This course probes film cultural issues surrounding extreme cinema, i.e., 'arthouse' films which, because of violent, sexual, or other iconoclastic content, form or style, have created critical or popular controversy. Representative topics include the aesthetics of violence and the ethics of representing and viewing pain, boundaries between erotic art and exploitation, disgust and the ‘unwatchable’, authorial and critical discourses, marketing, audience and reception studies and censorship.
This module appears in the following module collections.
Contact hours: 60
Total study hours: 240
Total study hours: 300
Method of assessment
20%: group presentation.
30%: Essay 1 (1500 words).
50%: Essay 2 (3500 words).
Frey, M. (2016) Extreme Cinema: The Transgressive Rhetoric of Today's Art Film Culture. New Brunswick, NJ: Rutgers University Press.
Hawkins, J. (2000) Cutting Edge: Art-Horror and the Horrific Avant-Garde. Minneapolis: University of Minnesota Press.
Staiger, J. (2000) Perverse Spectators: The Practice of Film Reception. New York: New York University Press.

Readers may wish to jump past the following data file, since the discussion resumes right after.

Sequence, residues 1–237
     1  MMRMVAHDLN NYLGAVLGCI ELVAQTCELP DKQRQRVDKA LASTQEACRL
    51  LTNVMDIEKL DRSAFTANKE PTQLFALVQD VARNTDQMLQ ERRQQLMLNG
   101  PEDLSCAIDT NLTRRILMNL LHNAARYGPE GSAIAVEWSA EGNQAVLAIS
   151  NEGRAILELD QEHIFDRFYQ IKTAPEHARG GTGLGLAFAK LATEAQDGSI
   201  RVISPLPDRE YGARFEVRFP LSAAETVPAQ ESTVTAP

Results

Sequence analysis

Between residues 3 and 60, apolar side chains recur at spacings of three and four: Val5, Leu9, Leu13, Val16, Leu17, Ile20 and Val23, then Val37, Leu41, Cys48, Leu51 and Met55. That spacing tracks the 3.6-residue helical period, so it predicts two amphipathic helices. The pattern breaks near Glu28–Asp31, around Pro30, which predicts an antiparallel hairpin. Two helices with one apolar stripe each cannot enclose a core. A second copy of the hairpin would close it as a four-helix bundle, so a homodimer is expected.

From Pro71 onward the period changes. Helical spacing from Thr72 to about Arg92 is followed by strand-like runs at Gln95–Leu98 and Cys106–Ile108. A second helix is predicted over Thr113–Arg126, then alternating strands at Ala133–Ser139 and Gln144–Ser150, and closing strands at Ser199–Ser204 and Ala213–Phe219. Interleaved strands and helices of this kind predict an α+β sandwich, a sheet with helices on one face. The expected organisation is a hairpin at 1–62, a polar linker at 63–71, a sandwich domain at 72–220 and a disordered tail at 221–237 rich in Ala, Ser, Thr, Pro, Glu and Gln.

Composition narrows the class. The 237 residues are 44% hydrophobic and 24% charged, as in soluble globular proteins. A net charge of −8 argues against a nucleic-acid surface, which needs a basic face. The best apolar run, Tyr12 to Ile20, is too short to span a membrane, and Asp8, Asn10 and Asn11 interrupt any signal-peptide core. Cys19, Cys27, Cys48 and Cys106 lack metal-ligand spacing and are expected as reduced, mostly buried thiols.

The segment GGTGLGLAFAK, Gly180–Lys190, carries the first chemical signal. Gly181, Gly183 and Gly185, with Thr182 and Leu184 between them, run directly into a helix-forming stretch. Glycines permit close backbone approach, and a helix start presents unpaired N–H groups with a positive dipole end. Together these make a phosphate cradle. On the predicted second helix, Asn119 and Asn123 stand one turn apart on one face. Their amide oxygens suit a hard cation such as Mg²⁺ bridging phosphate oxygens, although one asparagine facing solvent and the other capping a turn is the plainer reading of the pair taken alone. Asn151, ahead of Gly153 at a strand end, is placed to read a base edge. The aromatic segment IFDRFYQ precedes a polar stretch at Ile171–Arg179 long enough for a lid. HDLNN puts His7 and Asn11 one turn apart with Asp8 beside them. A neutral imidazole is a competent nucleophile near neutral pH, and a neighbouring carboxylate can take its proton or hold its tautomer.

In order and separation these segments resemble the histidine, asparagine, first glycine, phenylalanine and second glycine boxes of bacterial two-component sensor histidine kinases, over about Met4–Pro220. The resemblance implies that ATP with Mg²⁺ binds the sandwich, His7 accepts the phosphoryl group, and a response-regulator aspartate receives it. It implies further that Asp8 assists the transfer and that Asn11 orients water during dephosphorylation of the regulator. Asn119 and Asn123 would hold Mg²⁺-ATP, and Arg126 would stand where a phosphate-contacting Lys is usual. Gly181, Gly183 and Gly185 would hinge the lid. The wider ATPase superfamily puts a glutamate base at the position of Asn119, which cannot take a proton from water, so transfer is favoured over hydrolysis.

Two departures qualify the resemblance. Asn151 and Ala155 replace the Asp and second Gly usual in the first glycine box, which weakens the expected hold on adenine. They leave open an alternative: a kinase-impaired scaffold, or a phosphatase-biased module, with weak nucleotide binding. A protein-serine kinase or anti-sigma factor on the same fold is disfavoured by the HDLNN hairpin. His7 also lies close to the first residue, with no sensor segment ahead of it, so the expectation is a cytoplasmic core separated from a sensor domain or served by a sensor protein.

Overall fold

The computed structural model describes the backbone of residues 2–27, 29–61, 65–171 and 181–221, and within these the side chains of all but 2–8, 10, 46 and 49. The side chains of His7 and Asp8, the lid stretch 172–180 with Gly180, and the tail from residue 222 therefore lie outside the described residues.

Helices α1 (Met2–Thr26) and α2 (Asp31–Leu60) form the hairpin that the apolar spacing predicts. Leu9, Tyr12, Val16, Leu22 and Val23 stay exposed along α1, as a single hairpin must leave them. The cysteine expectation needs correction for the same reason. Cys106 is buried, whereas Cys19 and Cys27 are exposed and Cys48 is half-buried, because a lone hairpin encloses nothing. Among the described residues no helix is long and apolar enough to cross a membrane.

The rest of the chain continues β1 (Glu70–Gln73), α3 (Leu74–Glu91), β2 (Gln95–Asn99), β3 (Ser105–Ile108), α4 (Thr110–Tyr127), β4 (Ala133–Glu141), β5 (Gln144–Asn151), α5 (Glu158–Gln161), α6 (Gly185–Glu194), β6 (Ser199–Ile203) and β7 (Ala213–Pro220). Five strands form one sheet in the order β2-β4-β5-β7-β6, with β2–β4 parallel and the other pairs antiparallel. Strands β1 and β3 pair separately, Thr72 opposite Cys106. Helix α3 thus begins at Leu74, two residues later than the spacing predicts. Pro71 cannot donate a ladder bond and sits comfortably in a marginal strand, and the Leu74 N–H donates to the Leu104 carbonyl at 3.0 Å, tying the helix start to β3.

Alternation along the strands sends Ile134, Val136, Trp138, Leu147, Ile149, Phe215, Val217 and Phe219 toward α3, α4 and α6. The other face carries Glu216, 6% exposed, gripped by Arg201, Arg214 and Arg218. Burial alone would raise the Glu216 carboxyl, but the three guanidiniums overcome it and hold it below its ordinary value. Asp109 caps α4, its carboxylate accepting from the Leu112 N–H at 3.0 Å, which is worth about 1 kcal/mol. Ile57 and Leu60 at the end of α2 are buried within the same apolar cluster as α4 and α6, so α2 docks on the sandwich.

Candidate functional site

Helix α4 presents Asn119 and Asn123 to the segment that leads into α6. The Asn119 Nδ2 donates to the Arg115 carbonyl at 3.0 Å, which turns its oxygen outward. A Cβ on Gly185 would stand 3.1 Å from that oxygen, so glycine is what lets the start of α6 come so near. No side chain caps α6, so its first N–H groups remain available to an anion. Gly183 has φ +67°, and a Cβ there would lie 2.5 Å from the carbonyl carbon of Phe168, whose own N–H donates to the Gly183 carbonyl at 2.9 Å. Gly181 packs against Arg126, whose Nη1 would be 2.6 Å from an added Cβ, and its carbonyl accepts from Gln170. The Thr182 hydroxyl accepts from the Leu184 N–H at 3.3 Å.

Williams, L. (1989) Hard Core: Power, Pleasure, and the "Frenzy of the Visible." Berkeley: University of California Press.
See the library reading list for this module (Canterbury)
On successfully completing the module students will be able to:
- demonstrate systematic knowledge of contemporary international extreme cinema and how extreme cinema has developed historically as well as coherently articulate their understanding of the relationships between these developments
- demonstrate understanding of how critical discourse analysis (CDA) of various sectors of film culture contributes to an understanding of the impact of extreme cinema on both moving image making and the ways in which an audiences appreciate such films
- devise a discussion of extreme cinema through a sustained engagement with key methods of enquiry based on a synthesis of historical, theoretical and aesthetic approaches
- understand the interplay between aesthetic choices, business decisions and taste cultures through their research into/of relevant scholarly literature.
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Credit level 6. Higher level module usually taken in Stage 3 of an undergraduate degree.
- ECTS credits are recognised throughout the EU and allow you to transfer credit easily from one university to another.
- The named convenor is the convenor for the current academic session.
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